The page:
I thank the hon. Lady, because I am aware of this problem of people facing real disadvantage—leaseholders and others—because of unsafe cladding still on their buildings. I think it is disgraceful, and both ACM and HPL cladding, in my view, should come off as fast as possible. We are investing massively to achieve that as fast as we can, but I sincerely appreciate the problem that she raises.
In 2006, Menheniot parish council was told of improvement plans to the dangerous junction on the A38—something I have long campaigned for. However, two months ago, the regional director of the south-west part of Highways England told me that this was not going to happen, blaming the change from the old Highways Agency. Can my right hon. Friend tell me when, if ever, the people of Menheniot will finally see shovels in the ground?
I am grateful to my hon. Friend, because she gave me advance notice of this question. This is really a case for a project speed, and I hope that Highways England, which is currently undertaking a safety study of the A38 between Bodmin and Saltash, will be able to accelerate its work and get on with the Menheniot junction as fast as possible.
I am grateful to the hon. Lady, because she is raising a very important point. Getting kids back into school has been the most important objective that we have had over the last few months, and I am glad that it has got under way, but she is right in what she says about the digital divide. That is why we are investing massively in online education, giving 2,200,000 laptops and tablets, and putting routers in schools across the country. That is what we are going to do, and I want to see a world in which every school in our country has full gigabit broadband, with the equipment that will give pupils the access to the internet that they need.
Does my right hon. Friend agree that, as the UK’s performing arts are a global gold standard that are not only the envy of the world but a vital showcase for UK plc across the world, we should treasure them and look after that industry? We have had the furlough and other job retention schemes, but those who have fallen through the cracks are the freelancers. We must do something to protect the freelancers—the actors, the costumiers, the prop makers and many others. Can we do something to look after those people?
That is a very important point. Obviously the job retention scheme has been very effective in keeping people in work, but there are of course people who do not have employment of that kind. That is why we have given £1.57 billion to support the creative, culture and media sectors, including the theatres. We will do whatever we can to support the freelancers who my hon. Friend describes, because they are the backbone of our theatrical world, which, as he knows, is the jewel in the crown of the London cultural economy.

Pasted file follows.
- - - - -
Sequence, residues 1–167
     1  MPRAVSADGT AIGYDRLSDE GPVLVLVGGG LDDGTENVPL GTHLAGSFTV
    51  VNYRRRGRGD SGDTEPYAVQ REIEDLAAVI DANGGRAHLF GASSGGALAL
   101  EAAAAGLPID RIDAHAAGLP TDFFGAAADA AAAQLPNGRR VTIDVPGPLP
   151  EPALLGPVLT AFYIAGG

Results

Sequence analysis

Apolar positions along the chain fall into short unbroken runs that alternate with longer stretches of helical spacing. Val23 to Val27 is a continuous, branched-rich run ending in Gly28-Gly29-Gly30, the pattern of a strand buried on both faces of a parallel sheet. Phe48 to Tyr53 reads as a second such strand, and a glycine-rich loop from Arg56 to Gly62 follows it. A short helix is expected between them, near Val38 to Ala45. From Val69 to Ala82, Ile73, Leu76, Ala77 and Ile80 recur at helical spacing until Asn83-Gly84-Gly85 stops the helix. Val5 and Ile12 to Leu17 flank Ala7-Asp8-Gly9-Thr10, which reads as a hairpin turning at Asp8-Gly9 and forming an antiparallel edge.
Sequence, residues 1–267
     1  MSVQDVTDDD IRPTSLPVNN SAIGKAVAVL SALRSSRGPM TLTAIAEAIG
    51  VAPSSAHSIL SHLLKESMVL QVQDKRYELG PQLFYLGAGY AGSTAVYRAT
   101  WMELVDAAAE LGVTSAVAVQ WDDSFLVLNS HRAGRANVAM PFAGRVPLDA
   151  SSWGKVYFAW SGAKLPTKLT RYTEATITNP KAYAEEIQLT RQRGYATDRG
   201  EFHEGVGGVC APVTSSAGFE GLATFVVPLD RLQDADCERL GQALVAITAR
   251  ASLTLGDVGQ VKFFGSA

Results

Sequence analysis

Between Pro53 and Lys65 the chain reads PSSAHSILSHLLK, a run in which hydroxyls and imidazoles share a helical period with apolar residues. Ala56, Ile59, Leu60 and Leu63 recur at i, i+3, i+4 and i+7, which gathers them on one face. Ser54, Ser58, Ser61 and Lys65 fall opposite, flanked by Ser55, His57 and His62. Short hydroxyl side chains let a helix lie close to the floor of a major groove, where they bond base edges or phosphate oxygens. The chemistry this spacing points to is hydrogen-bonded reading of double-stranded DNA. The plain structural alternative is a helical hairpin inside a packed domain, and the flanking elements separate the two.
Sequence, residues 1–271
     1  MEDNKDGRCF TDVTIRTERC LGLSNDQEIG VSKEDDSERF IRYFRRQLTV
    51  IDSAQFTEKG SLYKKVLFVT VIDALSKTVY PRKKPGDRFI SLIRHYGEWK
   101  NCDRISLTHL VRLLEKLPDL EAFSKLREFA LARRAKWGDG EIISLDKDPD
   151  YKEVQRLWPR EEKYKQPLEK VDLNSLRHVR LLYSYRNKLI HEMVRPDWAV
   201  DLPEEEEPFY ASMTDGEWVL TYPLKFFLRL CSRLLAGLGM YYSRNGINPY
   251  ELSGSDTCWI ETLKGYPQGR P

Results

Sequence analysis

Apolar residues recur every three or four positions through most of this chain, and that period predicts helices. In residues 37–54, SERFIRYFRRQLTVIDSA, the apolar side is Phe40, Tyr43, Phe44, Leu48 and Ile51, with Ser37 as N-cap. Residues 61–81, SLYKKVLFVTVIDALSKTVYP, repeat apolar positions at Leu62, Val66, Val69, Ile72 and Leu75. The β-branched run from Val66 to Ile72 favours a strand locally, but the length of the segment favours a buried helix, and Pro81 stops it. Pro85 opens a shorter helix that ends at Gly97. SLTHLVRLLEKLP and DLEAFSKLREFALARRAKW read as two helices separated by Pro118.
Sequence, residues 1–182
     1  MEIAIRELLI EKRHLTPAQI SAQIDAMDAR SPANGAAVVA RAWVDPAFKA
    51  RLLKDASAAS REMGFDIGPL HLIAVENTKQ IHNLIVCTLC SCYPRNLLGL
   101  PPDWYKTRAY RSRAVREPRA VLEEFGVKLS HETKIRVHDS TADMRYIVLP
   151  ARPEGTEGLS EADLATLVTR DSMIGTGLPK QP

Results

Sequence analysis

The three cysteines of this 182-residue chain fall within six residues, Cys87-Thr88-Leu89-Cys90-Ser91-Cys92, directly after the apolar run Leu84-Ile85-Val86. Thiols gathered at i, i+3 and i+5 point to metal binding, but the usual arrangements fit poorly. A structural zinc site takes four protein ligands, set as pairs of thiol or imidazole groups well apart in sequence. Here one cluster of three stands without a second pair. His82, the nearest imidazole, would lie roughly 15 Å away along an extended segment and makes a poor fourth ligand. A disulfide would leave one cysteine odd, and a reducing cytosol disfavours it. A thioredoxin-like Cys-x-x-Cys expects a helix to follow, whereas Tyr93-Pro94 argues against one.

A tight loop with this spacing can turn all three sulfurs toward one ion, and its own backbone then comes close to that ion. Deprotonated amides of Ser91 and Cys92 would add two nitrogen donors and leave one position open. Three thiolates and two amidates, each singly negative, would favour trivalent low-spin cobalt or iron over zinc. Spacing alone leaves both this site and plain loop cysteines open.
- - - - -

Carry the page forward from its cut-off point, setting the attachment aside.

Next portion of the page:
Like the vast majority of the British public, I support the new restrictions. My right hon. Friend the Prime Minister said we will get through this, but long term, there are only three routes out of this pandemic: one, eradicate the virus; two, gain herd immunity; or three, suppress the virus and reduce deaths until a vaccine or highly effective treatment arrives, such as the ones that the brilliant researchers of South Cambridgeshire are working on. Will my right hon. Friend the Prime Minister tell me which of these three routes are the Government taking?
The right hon. Gentleman makes a powerful point of scepticism about the about the medical forecasts. All I can say is that everybody should look at what has already happened in the first phases of this pandemic and be in no doubt that it is possible that such a thing could happen again. It is precisely to avoid that that we are taking the steps that we are now, because a stitch in time saves nine. There would be far more damage to the economy throughout our country if we failed to control the virus now and we were obliged to put in seriously damaging lockdown measures that really affected every business in the country. That is why we are taking the approach that we are now, and that is why I hope it has his support and the support of his party. I can certainly tell him that the advantage of this approach is that it will allow us not just to keep the virus down—if we all follow the guidance; if we all do follow the package that we have set out—but to enable education to continue and our economy to go forward. Of course we will continue to support businesses in Northern Ireland and across the country throughout the period.